Contextual Factors affecting the Influence of Non-Permanent Members of the UN Security Council

A number of studies offer indirect evidence that some non-permanent members (NPMs) of the UN Security Council have influence in the Security Council by leveraging their membership in order to benefit from more aid or reduced likelihood of international sanctions for poor governance.

Such studies are not particularly useful, however, as a means for understanding the true influence of NPMs for three reasons:

  1. they necessarily only look at some of the non-permanent member countries, that is low- and middle income countries in receipt of aid;
  2. they tell us little about the form which such influence takes, and what non-permanent members might do in return (if anything) for the pay-offs they appear to receive;
  3. they tell us little about the contextual conditions that shape the ability of non-permanent members to exercise influence in the Council.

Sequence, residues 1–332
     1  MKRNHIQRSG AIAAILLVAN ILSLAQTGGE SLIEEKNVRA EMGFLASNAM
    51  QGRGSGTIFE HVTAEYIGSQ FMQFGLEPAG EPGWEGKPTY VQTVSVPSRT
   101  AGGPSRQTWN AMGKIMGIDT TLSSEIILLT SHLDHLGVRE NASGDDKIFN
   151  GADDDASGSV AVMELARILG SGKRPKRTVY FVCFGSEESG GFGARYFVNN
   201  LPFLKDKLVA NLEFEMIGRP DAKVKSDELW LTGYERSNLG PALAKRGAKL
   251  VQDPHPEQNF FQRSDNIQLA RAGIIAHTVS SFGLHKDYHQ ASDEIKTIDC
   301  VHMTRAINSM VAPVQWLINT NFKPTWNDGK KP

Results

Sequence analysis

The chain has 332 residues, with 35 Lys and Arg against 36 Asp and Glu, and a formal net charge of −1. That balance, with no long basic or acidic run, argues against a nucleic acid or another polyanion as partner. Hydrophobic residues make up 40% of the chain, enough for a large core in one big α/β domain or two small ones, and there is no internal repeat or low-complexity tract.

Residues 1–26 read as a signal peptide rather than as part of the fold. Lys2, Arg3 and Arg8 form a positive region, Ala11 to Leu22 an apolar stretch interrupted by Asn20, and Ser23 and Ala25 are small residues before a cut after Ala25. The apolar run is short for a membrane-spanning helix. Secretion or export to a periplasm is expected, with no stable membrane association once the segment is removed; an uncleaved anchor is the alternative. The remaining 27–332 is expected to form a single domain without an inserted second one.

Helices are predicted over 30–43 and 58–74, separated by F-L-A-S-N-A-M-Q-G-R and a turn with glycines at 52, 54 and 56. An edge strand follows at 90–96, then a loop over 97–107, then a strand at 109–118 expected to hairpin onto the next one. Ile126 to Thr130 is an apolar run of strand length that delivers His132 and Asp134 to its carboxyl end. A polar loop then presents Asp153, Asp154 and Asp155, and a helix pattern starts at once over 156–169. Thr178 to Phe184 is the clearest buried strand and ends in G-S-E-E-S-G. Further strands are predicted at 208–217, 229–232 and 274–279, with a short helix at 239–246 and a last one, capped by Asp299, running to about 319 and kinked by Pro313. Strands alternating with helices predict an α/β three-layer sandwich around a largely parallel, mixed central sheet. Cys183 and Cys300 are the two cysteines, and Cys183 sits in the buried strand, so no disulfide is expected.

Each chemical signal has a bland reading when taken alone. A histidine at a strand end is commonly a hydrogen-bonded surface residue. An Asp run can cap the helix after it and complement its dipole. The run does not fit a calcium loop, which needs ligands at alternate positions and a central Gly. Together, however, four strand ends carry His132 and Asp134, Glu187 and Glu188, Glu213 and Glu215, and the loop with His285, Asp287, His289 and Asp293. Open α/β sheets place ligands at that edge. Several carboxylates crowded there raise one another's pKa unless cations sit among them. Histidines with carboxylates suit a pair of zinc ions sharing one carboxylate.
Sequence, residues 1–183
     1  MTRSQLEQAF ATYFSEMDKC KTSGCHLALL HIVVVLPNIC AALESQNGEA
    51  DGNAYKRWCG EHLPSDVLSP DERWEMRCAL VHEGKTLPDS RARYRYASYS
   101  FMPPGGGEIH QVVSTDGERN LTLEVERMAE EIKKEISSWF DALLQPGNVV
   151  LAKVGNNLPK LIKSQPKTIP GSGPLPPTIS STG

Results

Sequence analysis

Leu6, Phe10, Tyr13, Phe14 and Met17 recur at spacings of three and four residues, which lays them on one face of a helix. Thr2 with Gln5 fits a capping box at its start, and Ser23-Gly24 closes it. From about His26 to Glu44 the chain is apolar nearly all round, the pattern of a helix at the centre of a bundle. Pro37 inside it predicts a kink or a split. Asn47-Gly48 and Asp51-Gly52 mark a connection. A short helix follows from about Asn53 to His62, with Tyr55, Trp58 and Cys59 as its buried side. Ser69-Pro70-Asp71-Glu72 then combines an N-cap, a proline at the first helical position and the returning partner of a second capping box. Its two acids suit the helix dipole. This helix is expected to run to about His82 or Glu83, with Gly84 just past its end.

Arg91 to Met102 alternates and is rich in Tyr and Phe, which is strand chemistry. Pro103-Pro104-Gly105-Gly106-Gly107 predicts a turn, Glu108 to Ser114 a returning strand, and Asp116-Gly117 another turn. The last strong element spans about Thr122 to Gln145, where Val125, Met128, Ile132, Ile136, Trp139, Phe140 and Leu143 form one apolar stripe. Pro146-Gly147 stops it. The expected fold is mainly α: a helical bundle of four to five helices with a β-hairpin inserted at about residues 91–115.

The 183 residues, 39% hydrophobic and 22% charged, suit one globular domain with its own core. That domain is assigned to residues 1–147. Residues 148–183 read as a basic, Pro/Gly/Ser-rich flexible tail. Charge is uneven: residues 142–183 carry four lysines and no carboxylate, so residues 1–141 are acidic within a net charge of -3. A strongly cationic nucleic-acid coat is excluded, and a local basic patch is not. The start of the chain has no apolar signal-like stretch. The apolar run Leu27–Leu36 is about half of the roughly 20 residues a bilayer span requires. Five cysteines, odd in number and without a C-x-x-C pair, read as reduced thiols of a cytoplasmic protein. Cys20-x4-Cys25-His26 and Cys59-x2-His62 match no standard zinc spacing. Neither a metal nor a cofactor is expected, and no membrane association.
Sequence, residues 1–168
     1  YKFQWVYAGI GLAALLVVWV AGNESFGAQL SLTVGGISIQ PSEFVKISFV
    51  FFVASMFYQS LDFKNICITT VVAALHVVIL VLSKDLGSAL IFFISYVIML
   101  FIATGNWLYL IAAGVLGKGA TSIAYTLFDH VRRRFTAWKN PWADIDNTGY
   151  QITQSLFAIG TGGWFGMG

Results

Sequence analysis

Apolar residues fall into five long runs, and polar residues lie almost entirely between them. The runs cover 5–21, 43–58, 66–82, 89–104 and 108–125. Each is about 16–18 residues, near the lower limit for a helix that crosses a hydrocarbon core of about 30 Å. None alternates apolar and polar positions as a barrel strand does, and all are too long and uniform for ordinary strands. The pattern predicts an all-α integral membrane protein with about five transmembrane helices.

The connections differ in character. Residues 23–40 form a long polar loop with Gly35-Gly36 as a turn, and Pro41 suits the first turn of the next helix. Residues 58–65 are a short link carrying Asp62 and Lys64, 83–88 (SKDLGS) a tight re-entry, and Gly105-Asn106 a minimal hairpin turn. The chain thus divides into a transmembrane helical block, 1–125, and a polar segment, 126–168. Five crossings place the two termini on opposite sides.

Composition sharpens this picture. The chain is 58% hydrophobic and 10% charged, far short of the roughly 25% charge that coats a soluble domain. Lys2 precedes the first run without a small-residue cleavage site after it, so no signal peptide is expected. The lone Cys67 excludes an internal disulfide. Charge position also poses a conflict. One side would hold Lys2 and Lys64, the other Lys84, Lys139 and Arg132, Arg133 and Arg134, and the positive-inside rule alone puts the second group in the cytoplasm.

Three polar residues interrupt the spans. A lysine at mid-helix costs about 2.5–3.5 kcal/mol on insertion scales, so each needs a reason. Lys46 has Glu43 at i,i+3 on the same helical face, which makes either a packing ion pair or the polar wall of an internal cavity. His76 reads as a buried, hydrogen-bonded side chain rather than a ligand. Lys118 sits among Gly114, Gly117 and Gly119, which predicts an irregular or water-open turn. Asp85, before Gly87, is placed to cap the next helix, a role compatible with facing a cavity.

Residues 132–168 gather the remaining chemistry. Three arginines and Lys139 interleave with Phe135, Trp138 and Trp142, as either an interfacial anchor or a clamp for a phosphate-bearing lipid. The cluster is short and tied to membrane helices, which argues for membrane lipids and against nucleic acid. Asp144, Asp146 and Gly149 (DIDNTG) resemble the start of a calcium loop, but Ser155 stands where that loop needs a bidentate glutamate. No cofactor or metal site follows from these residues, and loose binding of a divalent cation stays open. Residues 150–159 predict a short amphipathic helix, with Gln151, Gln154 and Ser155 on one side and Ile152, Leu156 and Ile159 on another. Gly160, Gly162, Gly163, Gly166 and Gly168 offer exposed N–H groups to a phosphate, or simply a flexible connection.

The project examines three propositions about the contextual factors that shape the influence that non-permanent members have in the Security Council, and explores how these could be empirically examined. The three factors in question are

  1. the character of the non-permanent membership;
  2. the changing workload and working methods of the Security Council, most notably the establishment of a growing number of subsidiary organs to structure and manage a workload that has grown substantially since the end of the Cold War; and
  3. the changing dynamics between the permanent members, in particular the relationship between France, the United Kingdom and the United States (the so-called ‘P3’) on the one hand, and Russia and China on the other.


Lead researchers: Dominik Zaum, with Corinne Heaven